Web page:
#3: Plan Ahead

The next six months were spent preparing the proposal in many forms to apply to various programs with different deadlines for funding. Researching the various funding sources and planning took an additional three months to finally get the proposal ready to submit. In the end, I applied to the Marie Curie Program, Fulbright, National Science Foundation, Hanse-Wissenschaftkolleg and Alexander von Humboldt programs. Some programs responded within three months, but others took up to six months to reply, and not all programs accepted my proposal idea. In the end, out of five granting agencies that I applied to, three accepted my proposal idea. Luckily, I was able to negotiate a way to accept all three fellowships for my stay in Bremen, Germany. However, this may not always be possible. Deciding which fellowship to accept and where to go will depend on which fellowship can provide the best funding and resources, and on the duration of the fellowship. In June 2011, I packed my bags, shipped my belongings to Germany, and embarked on what was to become my first postdoctoral position abroad.

#4: Master a Foreign Language

During my graduate work at UCSC, I began auditing German classes and eventually enrolled in German language courses. Now that I am in Germany, my greatest challenge still remains feeling comfortable enough to speak German and getting past being embarrassed about making mistakes along the way. However, my desire to socially interact with native speakers has kept me motivated. Being fluent in other languages is a great advantage in any career. Science is communicated in English at conferences, in certain graduate level university courses, and in most scientific writing here in Germany. However, bachelor level courses at the university, public lectures, and being able to communicate with native speakers require a good knowledge of German. Being a native Spanish speaker has allowed me to make connections with students from Spain, Latin America, and Mexico who are living and working in Bremen. My experience here in Germany has taught me that scientists with multiple language skills have the advantage of being able to form international collaborations much faster and to communicate their ideas to a wider audience.

#5: Embrace a New Culture

Dr. Abèl A. Chávez

As scientists, there is the danger of becoming too focused on our research and forgetting to inhabit our world as people. Taking the chance to go to another country to work and do research can be a great opportunity for social and cultural exchange. While in Germany, I’ve come to appreciate the way order and structure are ingrained in the way of life. I’ve come to value their close bonds of friendship. “Once a friend always a friend” is the motto for most Germans, and friendships can take years to develop into much more than just acquaintance. I’ve also come admire the Germans’ hard-working nature and honesty.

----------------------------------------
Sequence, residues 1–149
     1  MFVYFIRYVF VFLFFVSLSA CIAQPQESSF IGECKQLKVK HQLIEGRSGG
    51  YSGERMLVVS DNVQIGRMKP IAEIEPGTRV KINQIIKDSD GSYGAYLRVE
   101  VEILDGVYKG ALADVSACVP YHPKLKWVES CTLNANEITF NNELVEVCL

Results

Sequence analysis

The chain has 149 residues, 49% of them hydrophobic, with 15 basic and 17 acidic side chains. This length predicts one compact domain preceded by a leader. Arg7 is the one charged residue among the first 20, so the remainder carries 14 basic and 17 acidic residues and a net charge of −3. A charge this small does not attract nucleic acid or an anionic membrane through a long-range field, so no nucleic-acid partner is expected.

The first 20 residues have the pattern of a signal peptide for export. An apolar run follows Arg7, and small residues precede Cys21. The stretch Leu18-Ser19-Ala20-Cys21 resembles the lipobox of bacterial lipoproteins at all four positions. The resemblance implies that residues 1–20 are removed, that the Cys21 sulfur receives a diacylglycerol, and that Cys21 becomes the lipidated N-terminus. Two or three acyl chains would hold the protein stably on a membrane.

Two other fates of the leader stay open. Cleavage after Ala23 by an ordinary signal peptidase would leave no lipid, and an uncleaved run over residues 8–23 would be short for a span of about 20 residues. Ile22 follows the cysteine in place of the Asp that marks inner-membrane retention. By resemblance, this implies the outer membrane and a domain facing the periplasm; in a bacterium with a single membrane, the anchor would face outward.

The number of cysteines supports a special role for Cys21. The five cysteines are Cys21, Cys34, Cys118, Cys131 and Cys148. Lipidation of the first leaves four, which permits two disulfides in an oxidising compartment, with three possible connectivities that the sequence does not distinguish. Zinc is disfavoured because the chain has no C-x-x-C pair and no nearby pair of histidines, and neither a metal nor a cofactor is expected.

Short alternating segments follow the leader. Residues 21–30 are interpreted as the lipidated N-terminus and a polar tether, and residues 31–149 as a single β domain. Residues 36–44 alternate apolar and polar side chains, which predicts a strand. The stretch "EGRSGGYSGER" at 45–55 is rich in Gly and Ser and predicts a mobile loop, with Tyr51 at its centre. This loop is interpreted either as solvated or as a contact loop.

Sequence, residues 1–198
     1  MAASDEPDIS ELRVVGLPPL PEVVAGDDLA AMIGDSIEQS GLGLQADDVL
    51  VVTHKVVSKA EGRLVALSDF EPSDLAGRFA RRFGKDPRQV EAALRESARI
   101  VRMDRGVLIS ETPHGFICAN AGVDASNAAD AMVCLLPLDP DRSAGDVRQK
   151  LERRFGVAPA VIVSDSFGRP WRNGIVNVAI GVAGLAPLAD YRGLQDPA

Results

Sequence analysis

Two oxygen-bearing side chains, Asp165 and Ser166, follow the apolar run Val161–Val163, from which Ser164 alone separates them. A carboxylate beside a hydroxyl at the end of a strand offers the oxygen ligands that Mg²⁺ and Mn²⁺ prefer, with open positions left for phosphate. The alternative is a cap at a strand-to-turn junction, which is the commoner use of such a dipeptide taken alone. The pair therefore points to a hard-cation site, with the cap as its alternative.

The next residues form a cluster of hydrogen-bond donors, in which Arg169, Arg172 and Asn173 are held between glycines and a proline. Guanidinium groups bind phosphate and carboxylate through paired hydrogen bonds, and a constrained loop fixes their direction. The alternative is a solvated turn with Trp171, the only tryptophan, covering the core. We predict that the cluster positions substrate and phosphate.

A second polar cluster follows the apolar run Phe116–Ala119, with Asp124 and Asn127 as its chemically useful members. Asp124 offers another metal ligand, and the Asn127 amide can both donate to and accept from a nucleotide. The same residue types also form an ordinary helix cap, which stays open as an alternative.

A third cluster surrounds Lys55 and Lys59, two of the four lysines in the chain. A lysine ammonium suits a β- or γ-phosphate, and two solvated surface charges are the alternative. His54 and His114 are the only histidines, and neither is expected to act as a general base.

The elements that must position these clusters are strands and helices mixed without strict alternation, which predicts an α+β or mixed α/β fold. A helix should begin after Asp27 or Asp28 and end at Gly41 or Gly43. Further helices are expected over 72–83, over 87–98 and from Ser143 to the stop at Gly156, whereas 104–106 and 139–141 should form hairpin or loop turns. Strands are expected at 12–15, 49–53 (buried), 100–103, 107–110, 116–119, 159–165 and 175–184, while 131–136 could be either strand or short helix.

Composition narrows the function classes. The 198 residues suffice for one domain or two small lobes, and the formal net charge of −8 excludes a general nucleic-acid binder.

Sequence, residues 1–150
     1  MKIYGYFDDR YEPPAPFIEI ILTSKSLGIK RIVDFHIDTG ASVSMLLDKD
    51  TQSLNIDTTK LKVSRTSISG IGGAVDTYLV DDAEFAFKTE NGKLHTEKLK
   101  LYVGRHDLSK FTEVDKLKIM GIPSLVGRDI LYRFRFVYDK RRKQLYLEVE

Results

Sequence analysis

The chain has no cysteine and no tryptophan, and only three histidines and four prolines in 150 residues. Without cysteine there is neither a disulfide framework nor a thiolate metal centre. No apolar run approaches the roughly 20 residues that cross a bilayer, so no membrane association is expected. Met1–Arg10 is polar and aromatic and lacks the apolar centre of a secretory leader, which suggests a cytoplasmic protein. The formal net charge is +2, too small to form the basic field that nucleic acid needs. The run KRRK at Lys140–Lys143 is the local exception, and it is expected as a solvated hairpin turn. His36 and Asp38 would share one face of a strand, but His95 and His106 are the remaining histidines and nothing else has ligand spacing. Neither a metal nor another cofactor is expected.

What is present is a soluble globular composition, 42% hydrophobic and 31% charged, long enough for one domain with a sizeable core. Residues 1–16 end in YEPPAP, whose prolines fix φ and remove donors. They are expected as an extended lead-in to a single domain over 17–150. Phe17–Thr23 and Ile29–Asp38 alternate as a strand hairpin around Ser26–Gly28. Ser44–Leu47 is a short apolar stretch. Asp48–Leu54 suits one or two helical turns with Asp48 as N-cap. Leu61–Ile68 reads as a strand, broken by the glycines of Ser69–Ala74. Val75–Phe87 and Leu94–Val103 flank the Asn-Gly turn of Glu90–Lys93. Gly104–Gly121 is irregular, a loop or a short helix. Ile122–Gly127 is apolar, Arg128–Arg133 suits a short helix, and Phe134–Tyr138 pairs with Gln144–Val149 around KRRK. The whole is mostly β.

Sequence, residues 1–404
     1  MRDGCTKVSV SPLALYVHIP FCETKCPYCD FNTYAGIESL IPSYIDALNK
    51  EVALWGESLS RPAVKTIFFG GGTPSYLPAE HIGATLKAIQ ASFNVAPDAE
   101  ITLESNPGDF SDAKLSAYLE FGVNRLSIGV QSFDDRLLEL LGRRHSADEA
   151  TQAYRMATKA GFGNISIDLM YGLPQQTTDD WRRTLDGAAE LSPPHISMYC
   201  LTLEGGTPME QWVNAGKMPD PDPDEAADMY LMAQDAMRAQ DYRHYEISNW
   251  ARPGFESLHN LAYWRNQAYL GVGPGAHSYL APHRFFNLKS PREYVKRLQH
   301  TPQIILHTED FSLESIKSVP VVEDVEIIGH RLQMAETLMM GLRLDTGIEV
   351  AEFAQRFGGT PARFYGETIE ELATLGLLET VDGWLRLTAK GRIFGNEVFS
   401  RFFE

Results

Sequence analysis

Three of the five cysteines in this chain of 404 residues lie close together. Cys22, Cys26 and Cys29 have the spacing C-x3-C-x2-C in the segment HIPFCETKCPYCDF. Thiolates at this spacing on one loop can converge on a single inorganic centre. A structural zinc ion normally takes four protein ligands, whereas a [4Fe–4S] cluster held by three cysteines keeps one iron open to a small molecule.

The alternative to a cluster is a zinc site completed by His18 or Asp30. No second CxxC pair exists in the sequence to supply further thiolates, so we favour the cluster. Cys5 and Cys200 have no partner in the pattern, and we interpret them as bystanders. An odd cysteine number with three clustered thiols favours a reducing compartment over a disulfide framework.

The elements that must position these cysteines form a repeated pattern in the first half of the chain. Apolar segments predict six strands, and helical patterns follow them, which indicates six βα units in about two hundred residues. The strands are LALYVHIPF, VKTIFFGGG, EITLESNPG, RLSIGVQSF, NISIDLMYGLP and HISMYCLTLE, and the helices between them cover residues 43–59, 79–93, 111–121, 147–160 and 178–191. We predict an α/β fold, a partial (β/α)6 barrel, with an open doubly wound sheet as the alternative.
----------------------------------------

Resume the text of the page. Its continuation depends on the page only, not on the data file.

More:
However, despite cultural differences, Dr. Abèl A. Chávez has come to learn that no matter which society he’s been a part of, people’s basic motivations are very similar, though cultural expressions of similar values may vary. A researcher in urban sustainability at the Potsdam Institute for Climate Impact Research (PIK) in Potsdam, Germany, he says, “We all strive to provide a nice quality of life for our families and we seek to achieve this through whatever means we have around us.” He continues,

“As a person, I value and appreciate these differences and I always find myself reflecting on our not-so-distinct motivations, yet quite distinct circumstances for achieving our respective goals.”

Chávez, who holds a PhD in Sustainable Urban Infrastructures and an MBA, has traveled extensively throughout his career, including India and Mexico to work on projects that address sustainability issues such as reducing plant emissions and waste. “As a scientist working in urban sustainability, having this understanding may be used as an asset to structure dialogues for achieving sustainability in cities with differing profiles,” says Chávez.

#6: Find Your Motivation

Dr. Andrew Medina-Marino

The motivation to work abroad can come in many shapes and forms. For me, it was the desire to know what it’s like to be a scientist working abroad. For Dr. Andrew Medina-Marino, it was his motivation to integrate his rigorous scientific training and his passion for social justice. Medina-Marino currently works as an epidemiologist for a nongovernmental organization (NGO) in South Africa called The Foundation for Professional Development, where he works on disease surveillance and laboratory systems, and is the faculty advisor for the Global Health for Social Change Program.

After graduating with a PhD in molecular neuroscience, Medina-Marino became an Epidemic Intelligence Service Officer (EIS) at the U.S. Centers for Disease Control and Prevention, where he gained experience in conducting domestic and international outbreak investigations, Influenza Surveillance in Nigeria, and was part of an international team investigating lead poisoning in children in northern Nigeria.

Now living in South Africa, he says, “The urban areas in South Africa have fantastic infrastructure. While driving through a town like Johannesburg, one might think that they were in the Hollywood Hills in California. The rural areas, on the other hand, which could be two miles away, have very little or no infrastructure.”